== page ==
News Report Staff

A change in the School Resource Officer program for Effingham schools is in the works.

On Monday, Unit 40 School District Superintendent Mark Doan told school board members that the Sheriff’s Department has indicated its intentions to stop providing a school officer in lieu of Effingham City Police Department taking over that role. Doan said this could raise the cost to the school district and end a longtime successful partnership to make schools safe in Effingham.

Sheriff Dave Mahon explained the county deputy SRO will remain in place for the remainder of the current school year. If approved by all parties, the transition from county to city coverage will be completed for the start of the next school year in August.

Mahon said his department will maintain SRO coverage in schools at Dieterich, Teutopolis, Beecher City and Altamont, but the Effingham school officer will be added to patrol duty.

“We’re not bailing out. We’re doing a transition. We can bring in the resources of the City of Effingham to the Effingham schools. And there will be cooperation between both departments when it is needed. I look at this as a plus for our community,” Mahon said.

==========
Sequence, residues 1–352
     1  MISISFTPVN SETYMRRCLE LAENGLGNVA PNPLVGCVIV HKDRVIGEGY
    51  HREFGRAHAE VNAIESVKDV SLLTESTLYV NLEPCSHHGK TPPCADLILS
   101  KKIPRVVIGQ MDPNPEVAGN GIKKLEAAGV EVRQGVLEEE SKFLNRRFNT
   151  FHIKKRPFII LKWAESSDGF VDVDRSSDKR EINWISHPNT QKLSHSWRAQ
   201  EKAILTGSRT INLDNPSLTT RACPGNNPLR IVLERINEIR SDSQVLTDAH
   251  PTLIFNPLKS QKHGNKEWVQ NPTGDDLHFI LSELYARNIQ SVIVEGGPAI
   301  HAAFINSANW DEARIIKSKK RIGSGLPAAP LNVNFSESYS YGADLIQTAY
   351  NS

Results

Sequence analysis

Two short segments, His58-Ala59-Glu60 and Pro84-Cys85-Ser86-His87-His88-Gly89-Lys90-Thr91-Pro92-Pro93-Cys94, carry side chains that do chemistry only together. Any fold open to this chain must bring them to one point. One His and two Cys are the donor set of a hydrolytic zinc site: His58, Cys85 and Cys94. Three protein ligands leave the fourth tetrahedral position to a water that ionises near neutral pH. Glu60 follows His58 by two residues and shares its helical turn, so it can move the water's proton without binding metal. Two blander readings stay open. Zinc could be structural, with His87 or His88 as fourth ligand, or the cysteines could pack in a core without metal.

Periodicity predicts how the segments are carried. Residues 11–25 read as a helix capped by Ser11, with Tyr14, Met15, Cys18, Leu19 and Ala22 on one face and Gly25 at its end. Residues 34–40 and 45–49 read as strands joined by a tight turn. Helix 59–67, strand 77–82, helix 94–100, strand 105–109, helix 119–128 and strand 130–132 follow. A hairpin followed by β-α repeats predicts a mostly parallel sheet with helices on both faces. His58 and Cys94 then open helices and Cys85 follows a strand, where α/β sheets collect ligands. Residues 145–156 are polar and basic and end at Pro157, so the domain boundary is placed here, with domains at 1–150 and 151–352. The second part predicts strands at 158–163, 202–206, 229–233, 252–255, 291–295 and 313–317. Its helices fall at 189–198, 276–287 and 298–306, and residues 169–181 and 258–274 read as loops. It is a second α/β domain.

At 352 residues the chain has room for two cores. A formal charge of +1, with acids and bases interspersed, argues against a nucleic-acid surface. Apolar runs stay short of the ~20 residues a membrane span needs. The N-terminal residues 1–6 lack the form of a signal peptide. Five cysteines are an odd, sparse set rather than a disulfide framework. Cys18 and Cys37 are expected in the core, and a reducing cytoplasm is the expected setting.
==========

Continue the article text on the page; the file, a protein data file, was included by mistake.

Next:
Effingham Police Chief Jeff Fuesting said he had expressed interest in the change because Effingham school buildings are in the jurisdiction of his department. Having a city SRO in city schools would also help with fighting crime in the community and engaging the department with young people even more.

“This would offer our patrol officers with a direct line of community with the Effingham SRO. That can increase intelligence information to our department and also build more ties with kids in the city limits,” said Fuesting, who had command experience in St. Louis County by managing up to 15 SROs in four separate school districts.

Doan said it has been noted that up to 40 percent of Effingham school students live outside city limits. That was one of the benefits of having a countywide reach for the program, which dates back about 20 years.

“We’ve had great success with SRO through the county. So there is no option to drop this,” said Doan, who has been discussing the change with Chief Fuesting after the Sheriff revealed the county’s plans. “There are probably more costs if we change it.”

Fuesting said this is not a final deal at this point so he cannot discuss specific costs to the school district with the change.

“No document has been signed. Costs not set yet. But it really looks like this is where we’re going,” Fuesting said.

Mahon said the savings from the change could put another patrolman on the road for his department.

“We can have me one more guy out on the street. And that means we might make more arrests that could help the schools, too,” Mahon explained. “And we’ll have good cooperation between both departments for incidents at any schools in the county. We’ll be helping each other.”